Mute Swan Cygnus olor
Cedar Waxwing Bombycilla cedrorum
Sharp-shinned Hawk Accipiter striatus
Herring Gull Larus argentatus
Canada Goose Branta canadensis
Brant Branta bernicla
Great Black-backed Gull Larus marinus
Ruddy Turnstone Arenaria interpres *LL
Purple Sandpiper Calidris maritima
Sanderling Calidris alba *LL
Ruddy Duck Oxyura jamaicensis
Red-winged Blackbird Agelaius phoeniceus
Northern (Yellow-shafted) Flicker Colaptes auratus
American Coot Fulica atra
American Wigeon Anas americana
Pine Warbler Dendroica pinus
White-throated Sparrow Zonotrichia albicollis
Gray Catbird Dumetella carolinensis
Eastern Phoebe Sayornis phoebe

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The Inimitable Todd’s holiday present to me was a pelagic birding trip out of Cape May, complete with a romantic bed and breakfast stay for the weekend. I’ve never been to Cape May nor done a pelagic trip, so as I’m sure you can imagine, I was psyched.

Unfortunately, Mother Nature put the kibosh on the cruise in her own inarguable way, with seven-foot swells. Still, the bed and breakfast was already paid for, and it was too late to cancel. So we decided to go ahead and make the trip. I figured that at the bare minimum, I could get Northern Gannet for my year list and Red-throated Loon for my life list.

The trip down was full of interesting new sights, like the wind turbines outside Atlantic City and my first look at the Pine Barrens and my year first Turkey Vulture (and my year second through thirteenth Turkey Vulture.) Cape May itself smelled good, was picture-postcard charming and pretty darn quiet. While walking around town before dinner, I picked up Fish Crow and Red-breasted Merganser for my year list as well; the Mergansers were particularly nice, a pair right up close in an inlet with the male in good plumage and seemingly intent on impressing his lady friend.

This was all well and good, but would I pick up my life Red-throated Loon and get my Gannets? Only time would tell…

Rock Pigeon Columba livia
European Starling Sturnus vulgaris
Turkey Vulture Cathartes aura
American Crow Corvus brachyrhnchos
Red-tailed Hawk Buteo jamaicensis
Common Grackle Quiscalus quiscula
Great Black-backed Gull Larus marinus
American Robin Turdus migratorius
Mourning Dove Zenaida macroura
Fish Crow Corvus ossifragus
Northern Cardinal Cardinalis cardinalis
Blue Jay Cyanocitta cristata
Red-breasted Merganser Mergus serrator
Mallard Anas platyrhynchos

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I’ve complained often enough about birds whose names don’t make good sense to the casual observe, so let me sing the praises of one that does. If you happen to look up in a tree in the northeastern US, say in Prospect Park on a lovely sunny morning, and you see a couple of ducks in a tree, there’s a better than excellent chance that they’re Wood Ducks. And so they were. They probably felt pretty good about staying in the tree, because if they’d gone down into the water they would have had to deal with the two pairs of extremely edgy Canada Geese disputing whether the Upper Pool was big enough for the four of them.

As the title implies, I saw a butterfly as well – I’m no expert, but I think it was a Mourning Cloak. And the turtles were out and sunning themselves. There was one slider – a big one – who had climbed up on a rock at the edge of the lake and died. Odd timing. I hope zie got to enjoy the morning, anyhow.

Oh, and the Eastern Phoebes are back. The Northern Pintail seems to be gone, as do most of the White-throated Sparrows.

Rock Pigeon Columba livia
American Robin Turdus migratorius
Canada Goose Branta canadensis
Mallard Anas platyrhynchos
Bufflehead Bucephala albeola
Common Grackle Quiscalus quiscula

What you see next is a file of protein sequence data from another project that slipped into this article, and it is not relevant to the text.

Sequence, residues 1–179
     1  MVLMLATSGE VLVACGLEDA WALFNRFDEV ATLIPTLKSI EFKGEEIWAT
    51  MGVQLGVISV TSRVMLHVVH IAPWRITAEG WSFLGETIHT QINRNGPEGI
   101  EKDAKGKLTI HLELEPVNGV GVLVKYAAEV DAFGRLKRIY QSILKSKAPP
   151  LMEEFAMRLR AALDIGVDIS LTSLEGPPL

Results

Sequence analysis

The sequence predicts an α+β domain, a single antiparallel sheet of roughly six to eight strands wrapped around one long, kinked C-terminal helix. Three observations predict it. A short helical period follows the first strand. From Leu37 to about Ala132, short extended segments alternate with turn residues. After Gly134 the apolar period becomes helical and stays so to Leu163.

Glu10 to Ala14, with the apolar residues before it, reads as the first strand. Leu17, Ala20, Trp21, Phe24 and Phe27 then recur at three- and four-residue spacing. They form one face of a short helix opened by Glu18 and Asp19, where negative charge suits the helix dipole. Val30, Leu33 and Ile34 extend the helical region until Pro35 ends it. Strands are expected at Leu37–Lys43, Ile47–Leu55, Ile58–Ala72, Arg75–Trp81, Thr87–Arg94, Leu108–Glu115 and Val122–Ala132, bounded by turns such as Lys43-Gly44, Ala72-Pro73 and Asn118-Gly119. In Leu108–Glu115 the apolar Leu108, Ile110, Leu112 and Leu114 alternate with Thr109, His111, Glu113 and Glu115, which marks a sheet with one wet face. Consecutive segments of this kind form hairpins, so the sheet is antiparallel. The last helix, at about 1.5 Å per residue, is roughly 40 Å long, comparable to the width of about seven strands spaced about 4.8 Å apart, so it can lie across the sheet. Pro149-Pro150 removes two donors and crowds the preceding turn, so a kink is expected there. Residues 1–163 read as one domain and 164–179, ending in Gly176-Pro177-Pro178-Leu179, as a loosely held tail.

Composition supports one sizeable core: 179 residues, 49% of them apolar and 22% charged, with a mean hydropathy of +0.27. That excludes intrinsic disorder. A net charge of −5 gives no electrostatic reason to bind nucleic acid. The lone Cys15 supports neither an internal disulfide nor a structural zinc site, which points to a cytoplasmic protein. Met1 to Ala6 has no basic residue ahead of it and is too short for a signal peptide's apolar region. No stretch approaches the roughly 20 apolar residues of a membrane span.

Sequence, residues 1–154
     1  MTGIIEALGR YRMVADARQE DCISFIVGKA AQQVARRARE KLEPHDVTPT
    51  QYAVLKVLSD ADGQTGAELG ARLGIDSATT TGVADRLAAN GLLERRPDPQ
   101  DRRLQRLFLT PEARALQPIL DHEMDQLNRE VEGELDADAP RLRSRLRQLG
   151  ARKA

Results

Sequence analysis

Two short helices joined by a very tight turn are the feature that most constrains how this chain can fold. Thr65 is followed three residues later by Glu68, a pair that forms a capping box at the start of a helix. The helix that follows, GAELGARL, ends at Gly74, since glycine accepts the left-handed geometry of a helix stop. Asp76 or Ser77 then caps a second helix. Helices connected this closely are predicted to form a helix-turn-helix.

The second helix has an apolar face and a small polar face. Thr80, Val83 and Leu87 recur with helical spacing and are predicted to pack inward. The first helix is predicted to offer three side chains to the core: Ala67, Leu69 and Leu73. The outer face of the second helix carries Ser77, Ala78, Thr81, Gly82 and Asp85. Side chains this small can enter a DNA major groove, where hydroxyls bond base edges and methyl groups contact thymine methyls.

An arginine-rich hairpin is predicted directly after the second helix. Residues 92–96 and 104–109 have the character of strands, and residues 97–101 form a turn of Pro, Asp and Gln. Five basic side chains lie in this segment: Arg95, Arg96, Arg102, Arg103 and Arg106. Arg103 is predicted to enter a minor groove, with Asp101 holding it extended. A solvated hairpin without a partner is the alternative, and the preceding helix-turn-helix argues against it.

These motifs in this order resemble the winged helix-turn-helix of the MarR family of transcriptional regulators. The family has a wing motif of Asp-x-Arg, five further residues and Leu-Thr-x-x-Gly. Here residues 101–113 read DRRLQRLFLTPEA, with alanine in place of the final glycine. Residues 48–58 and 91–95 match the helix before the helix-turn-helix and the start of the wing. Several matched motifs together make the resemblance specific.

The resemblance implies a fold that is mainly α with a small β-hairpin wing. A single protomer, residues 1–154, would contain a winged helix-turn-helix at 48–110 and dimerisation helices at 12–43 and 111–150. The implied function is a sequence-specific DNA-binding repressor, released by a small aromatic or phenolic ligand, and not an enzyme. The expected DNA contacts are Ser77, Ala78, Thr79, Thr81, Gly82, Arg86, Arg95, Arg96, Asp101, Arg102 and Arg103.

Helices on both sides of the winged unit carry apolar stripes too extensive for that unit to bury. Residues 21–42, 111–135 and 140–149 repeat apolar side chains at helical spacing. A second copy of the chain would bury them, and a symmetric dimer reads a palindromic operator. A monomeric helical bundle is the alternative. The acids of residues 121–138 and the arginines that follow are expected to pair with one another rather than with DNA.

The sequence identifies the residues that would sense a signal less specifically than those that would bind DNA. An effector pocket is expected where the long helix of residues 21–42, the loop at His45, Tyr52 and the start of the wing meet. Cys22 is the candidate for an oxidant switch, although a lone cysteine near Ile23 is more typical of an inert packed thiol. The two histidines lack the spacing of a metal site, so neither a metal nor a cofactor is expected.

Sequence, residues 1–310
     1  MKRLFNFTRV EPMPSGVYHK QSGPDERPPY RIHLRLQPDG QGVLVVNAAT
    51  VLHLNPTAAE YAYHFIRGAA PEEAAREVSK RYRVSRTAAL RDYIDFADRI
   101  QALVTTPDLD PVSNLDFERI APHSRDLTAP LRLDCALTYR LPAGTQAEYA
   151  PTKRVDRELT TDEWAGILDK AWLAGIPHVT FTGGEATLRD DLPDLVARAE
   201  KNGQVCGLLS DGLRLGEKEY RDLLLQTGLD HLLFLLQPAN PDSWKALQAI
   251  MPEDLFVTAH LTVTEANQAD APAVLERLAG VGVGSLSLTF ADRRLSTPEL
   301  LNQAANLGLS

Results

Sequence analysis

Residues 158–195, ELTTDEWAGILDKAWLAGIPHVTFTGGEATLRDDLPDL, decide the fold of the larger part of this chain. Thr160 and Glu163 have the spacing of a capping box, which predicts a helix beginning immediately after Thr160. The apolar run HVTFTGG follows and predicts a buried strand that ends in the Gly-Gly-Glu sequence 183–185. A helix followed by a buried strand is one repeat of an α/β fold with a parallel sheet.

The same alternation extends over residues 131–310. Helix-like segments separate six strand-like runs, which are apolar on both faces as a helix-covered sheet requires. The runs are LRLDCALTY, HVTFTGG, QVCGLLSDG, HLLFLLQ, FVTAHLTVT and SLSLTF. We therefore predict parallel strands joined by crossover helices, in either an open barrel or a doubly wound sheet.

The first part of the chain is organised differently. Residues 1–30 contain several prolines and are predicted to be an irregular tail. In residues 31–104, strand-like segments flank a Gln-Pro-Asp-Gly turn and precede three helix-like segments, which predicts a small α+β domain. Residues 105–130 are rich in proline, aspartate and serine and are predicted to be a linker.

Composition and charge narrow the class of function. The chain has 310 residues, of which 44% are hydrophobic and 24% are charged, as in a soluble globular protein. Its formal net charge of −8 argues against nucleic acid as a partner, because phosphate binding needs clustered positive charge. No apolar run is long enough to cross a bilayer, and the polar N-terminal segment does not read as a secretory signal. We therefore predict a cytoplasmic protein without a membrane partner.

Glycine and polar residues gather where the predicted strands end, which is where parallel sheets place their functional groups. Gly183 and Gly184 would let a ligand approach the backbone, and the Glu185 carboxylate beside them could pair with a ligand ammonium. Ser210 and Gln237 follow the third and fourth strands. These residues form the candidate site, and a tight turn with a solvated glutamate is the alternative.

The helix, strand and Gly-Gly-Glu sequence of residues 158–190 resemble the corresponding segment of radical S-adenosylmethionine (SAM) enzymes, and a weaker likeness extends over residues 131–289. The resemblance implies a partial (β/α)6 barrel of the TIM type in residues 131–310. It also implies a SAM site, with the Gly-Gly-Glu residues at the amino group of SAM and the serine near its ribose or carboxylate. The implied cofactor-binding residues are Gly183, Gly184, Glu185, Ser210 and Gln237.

Song Sparrow Melospiza melodia
Wood Duck Aix spansa
Brown Creeper Certhia americana
Black-capped Chickadee Poecile atricapilla
Dark-eyed Junco Junco hyemalis
Golden-crowned Kinglet Regulus satrapa
Blue Jay Cyanocitta cristata
Ruby-crowned Kinglet Regulus calendula
White-breasted Nuthatch Sitta carolinensis
European Starling Sturnus vulgaris
Red-tailed Hawk Buteo jamaicensis
Mourning Dove Zenaida macroura
American Coot Fulica atra
House Sparrow Passer domesticus
Yellow-bellied Sapsucker Sphyrapicus varius
Red-winged Blackbird Agelaius phoeniceus
Cedar Waxwing Bombycilla cedrorum
Northern Cardinal Cardinalis cardinalis
Hairy Woodpecker Picoides villosus
Ring-billed Gull Larus delawarensis
Mute Swan Cygnus olor
Ruddy Duck Oxyura jamaicensis
Northern Shoveler Anas clypeata
Ring-necked Duck Aythya collaris
Northern Mockingbird Mimus polyglottos
Downy Woodpecker Picoides pubescens
Pied-billed Grebe Podilymbus podiceps
Herring Gull Larus argentatus
American Black Duck Anas rubripes
Red-bellied Woodpecker Melanerpes carolinus
Carolina Wren Thryothorus ludovicianus
White-throated Sparrow Zonotrichia albicollis
Eastern Phoebe Sayornis phoebe

I realize that it is in part my snotty hipsterism that makes me sneer at golf, and the trappings of golf, like pesticide-drenched botanical monocultures with incredibly ugly subdivisions built around them, filled with McMansions and streets named after the wildlife that used to live there before some jerk-face developer caught up in the subprime mortgage orgy brought in the bulldozers.

But this sure doesn’t help.

Yes, filming instructional golf videos has now joined racing mutant pigeons in the big book of things people think are worth a hawk’s life. Tripp Isenhour, a small-time golf pro with a big-time sense of privilege, was apparently irritated by the Red-shouldered Hawk’s repeated vocalizations as he filmed in Florida in December. So he hit several balls at the bird, the last of which struck it in the head and killed it.

Isenhour claims that this was an accident, the result of a “one in a million” shot, and that he was just trying to scare the bird away. Members of his film crew, however, tell a different story, saying that he persisted in harassing the hawk after it became apparent that it wasn’t going to be scared off by a golf ball, deliberately hitting shots closer and closer to it.

The bird was buried off the fairway by a production assistant, but Isenhour’s sound engineer, haunted by bad dreams about the incident, later reported it to the authorities.

Frankly, I haven’t got much sympathy for the “accident” claim; hassling wildlife over something so trivial, in a way that has an inherent risk of injury to the animal, is in and of itself bad enough for me to condemn.